The “million dollar rain” did not come this year. As a result, Eastern Washington car dealers will not sell as many full sized pickups this fall. A lot of other planned farm expenses will be forgone as well.
I don’t know how long farmers have been saying it, but it is still true, “rain makes grain.” For as long as I can remember, dryland community wisdom has claimed that a good rain in June, adds a million dollars to the local economy. Some agricultural economist has probably made a stab at quantifying the economic impact of the presence or absence of June rainfall, but a few million for a well-timed rain is entirely possible.
Spring crops, i.e. spring wheat and barley, legumes, and canola, with their shallow, two to three foot root systems really depend on rainfall in June to reach their full yield potential. Winter wheat is helped as well, but with its deeper root system (up to six feet), it is a little better off in a dry June. Still, nothing has been helped by the last few weeks of hot, dry weather.
When plants are moisture stressed (thirsty plants!), they produce fewer seeds of lower quality. Some kernels will die and their moisture and nutrients reabsorbed and used by the plant elsewhere. The surviving kernels will be smaller, lighter, more brittle, and maybe shrunken and shriveled. When wheat is graded for quality, the graders note the number of shrunken and broken kernels.
I could spend a lot of time looking at my crops, and evaluating how bad harvest is going to be, but that information isn’t terribly useful at this point in the season. The same combine that harvests a good crop will harvest a bad one. Mostly, dryland farmers will simply wait until harvest actually starts to determine how bad the reality is. In the meantime, though, we adjust our thinking.
It is obviously not going to be a big crop yield this year, and for some, this may be one of those years when crop insurance settlements make up way too much of our income. There isn’t going to be any extra income. It’s time to think about ways to tighten our belts. Some equipment purchases or planned expenses may be delayed - put off for another, better year. We buy only absolutely necessary things for the farm. We cut back on personal expenses.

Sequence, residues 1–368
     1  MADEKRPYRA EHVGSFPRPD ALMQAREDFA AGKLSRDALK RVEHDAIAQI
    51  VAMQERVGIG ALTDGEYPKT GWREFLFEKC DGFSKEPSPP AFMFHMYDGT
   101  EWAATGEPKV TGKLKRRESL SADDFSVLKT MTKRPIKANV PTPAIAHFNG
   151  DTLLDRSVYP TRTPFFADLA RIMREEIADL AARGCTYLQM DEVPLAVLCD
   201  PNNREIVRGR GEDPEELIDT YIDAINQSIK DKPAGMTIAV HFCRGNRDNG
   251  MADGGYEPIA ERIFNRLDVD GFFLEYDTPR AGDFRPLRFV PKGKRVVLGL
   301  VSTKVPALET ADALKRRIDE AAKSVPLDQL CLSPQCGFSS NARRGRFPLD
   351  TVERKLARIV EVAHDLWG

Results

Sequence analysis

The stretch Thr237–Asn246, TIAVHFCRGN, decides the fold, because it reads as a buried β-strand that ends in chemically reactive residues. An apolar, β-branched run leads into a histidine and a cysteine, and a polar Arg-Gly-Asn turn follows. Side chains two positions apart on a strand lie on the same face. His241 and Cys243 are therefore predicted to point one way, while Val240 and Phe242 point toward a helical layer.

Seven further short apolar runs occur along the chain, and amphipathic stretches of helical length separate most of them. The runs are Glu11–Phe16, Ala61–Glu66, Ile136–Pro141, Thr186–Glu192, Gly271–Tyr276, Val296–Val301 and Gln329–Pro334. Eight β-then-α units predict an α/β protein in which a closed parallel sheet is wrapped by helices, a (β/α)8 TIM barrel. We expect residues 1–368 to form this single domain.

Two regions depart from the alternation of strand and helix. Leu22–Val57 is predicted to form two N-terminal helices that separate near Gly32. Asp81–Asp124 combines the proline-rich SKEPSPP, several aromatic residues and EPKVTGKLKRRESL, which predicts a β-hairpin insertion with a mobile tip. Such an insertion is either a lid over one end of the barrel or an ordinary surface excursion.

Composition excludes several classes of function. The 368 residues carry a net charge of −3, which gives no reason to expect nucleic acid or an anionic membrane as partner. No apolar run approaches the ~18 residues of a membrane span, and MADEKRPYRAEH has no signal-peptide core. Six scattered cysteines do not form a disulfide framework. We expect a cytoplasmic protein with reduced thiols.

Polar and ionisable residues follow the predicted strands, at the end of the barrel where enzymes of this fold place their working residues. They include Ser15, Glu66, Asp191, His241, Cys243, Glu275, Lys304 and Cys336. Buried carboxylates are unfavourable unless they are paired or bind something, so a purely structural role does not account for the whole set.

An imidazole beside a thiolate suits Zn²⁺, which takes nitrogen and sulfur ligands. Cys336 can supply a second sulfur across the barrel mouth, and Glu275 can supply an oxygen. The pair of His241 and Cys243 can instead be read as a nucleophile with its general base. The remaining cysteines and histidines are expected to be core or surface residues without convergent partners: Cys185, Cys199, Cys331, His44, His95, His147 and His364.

It also makes us reluctant to forward contract, or sell wheat before it is actually harvested. If you can sell wheat in March for delivery in August at a price that guarantees a reasonable profit, why wouldn’t you? Well, for one reason, what if it doesn’t rain in June and we don’t have much of a crop? This time of year, depending on the price trend and world supplies, I often sell a little of my expected crop. Having already sold some earlier before this dry June became a reality, I’m not selling any more until I know what I actually have.
It is easy to assume that since the crops are suffering, yields will be down, and the price should go up because of scarce supply, but that rarely happens. Like it or not, we sell into a world market, and if the world thinks there will be plenty of wheat, the price doesn’t go up no matter how little of it I have to sell. Buyers can fill their needs in Australia, Canada, the Black Sea, or South America
Many farmers have operating loans, money borrowed for this year’s crop expenses and/or living expenses. Sales of this year’s harvest must be applied to pay off those loans. If there isn’t enough of this year’s crop to pay off the loan, you hope you can borrow enough to grow the next crop and survive till next harvest, next harvest when crops will be better, and prices, higher. Next year will always be better. Next year will be near perfect. In the meantime, let’s get this imperfect crop year over with so we can concentrate on the next one. It will be better.